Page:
Like Riding a Bike
Life is like riding a bicycle – in order to keep your balance, you must keep moving. ~Albert Einstein
Nothing says midlife crisis louder than a shiny new set of wheels. But in my case, it was a two-wheeled vehicle for which I pined upon hitting forty.
For the record I don’t think it was a midlife crisis. I just really wanted a new bike. It was time.
I watched with envy as cyclists breezed past me, shiny and sleek in their brightly coloured jerseys. I wanted a piece of that action, but my current mode of bike transport was twenty years old.
Looking at its mangled frame floods me with memories of Melrose Place, Desert Storm, cheap beer, and drama.
It had carried me around my university campus and around the streets of Vancouver before I owned a car. It had been run over by my roommate when I had dropped it on our driveway (sorry roomie; I know I was hard on you for that), was rebuilt and continued to roll.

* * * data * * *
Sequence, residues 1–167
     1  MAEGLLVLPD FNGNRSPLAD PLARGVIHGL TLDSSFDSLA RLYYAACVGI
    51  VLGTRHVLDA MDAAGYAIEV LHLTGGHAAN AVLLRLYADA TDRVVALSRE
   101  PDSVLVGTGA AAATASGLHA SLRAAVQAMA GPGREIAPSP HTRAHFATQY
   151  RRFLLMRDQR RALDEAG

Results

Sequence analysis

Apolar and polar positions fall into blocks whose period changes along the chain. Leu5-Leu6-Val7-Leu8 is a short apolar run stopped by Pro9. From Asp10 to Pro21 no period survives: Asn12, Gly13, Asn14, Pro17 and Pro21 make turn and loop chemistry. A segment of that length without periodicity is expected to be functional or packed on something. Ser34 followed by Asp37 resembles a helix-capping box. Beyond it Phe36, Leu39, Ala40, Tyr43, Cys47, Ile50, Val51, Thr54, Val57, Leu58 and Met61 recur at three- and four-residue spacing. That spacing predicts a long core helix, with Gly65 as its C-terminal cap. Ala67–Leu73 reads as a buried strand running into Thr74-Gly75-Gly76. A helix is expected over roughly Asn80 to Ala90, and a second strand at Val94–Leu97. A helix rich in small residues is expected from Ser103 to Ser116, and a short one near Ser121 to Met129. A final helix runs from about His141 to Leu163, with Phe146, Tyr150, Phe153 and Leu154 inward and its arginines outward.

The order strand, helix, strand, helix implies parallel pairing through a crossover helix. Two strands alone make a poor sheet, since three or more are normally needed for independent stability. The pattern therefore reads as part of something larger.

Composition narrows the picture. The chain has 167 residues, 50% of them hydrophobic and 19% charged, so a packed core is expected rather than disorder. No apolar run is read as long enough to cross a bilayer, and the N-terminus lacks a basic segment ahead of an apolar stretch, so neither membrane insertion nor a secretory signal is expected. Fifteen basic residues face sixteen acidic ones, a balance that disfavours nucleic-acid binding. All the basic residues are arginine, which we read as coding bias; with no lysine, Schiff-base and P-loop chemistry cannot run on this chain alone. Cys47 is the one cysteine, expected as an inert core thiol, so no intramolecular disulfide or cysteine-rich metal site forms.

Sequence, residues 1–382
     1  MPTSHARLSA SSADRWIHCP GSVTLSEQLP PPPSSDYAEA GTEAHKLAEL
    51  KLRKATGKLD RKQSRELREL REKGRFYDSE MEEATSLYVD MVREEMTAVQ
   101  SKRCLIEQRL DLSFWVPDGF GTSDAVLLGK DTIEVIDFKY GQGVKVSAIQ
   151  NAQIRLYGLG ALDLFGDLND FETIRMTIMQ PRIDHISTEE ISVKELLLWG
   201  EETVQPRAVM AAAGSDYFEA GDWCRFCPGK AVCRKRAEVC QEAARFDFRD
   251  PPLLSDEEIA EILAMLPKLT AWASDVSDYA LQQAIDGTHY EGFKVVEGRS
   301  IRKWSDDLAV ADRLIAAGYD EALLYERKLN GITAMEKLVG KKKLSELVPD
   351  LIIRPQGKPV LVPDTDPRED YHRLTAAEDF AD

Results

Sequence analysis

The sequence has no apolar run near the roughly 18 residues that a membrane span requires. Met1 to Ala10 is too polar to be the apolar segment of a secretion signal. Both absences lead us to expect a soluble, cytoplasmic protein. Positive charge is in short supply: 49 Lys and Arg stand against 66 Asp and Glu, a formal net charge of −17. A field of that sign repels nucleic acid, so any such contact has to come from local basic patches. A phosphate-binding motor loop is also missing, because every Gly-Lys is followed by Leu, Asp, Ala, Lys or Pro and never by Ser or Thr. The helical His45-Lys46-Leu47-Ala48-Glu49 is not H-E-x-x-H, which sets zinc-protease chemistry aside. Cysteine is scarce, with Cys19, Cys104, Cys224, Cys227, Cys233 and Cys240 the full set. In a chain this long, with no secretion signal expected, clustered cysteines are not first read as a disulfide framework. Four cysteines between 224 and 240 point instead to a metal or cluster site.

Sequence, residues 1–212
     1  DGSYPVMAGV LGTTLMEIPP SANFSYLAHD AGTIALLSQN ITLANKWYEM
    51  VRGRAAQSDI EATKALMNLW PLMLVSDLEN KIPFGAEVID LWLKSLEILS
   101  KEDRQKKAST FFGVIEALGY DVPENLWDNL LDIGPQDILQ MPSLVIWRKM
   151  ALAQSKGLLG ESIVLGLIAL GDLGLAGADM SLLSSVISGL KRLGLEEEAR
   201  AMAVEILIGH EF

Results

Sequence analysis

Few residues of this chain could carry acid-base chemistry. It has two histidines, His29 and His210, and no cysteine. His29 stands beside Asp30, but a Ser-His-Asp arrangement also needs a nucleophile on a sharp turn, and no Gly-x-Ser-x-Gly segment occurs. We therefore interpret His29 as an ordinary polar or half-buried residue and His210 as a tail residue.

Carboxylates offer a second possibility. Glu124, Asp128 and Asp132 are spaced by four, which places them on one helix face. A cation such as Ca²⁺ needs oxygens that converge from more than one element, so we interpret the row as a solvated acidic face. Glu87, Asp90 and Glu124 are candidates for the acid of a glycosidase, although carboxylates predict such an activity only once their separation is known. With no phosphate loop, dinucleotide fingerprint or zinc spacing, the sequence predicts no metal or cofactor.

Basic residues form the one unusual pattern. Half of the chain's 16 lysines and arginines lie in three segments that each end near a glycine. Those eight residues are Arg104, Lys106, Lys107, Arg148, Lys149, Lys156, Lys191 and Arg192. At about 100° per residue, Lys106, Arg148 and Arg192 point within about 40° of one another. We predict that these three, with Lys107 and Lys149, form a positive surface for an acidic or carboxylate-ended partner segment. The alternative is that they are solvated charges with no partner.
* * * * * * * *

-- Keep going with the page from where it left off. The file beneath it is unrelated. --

More recently, the stuffing began falling out of the seat, so every year I added a piece of duck tape. Finally, when it was all duck tape and no seat, my husband said, “Really?” as I dusted it off for our family bike ride. I gave in and bought a new seat, but the bike continued to shine in my eyes, all fifty pounds of it. Rusty, but otherwise bright as the day I bought it. A perfect indigo blue with neon pink accents. A mountain bike built before shocks were invented, it was perfect for commuting, not so much for trails or triathlons. It had its limitations.
I loved my old bike, but even I, faithful as I was, recognized its shortcomings.
As my fortieth birthday loomed, there was one thing and one thing only on my list: a new road bike.
To secure my future purchase, I registered for the Granfondo, a bicycle race that starts in Vancouver and ends in Whistler, a 130 km journey with substantial elevation gain. My bright blue Trek was not going to cut the mustard, new seat notwithstanding.
On one of those spanking new road bikes, how hard can it be? They are so light that the mere thought of pedaling propels its slight form a kilometer or so. It’s not like I’m running 130 kilometers. Surely there will be coasting involved.
And so, for the sake of the race and to celebrate my midlife, I bought a carbon road bike. It is featherlight and built up in all the right places – a high performance model. In the small print I spied the words guaranteed to finish the Granfondo in four hours and it was a done deal.
It should be noted, I’m not the first to trade an old model in for a new one at this point in life.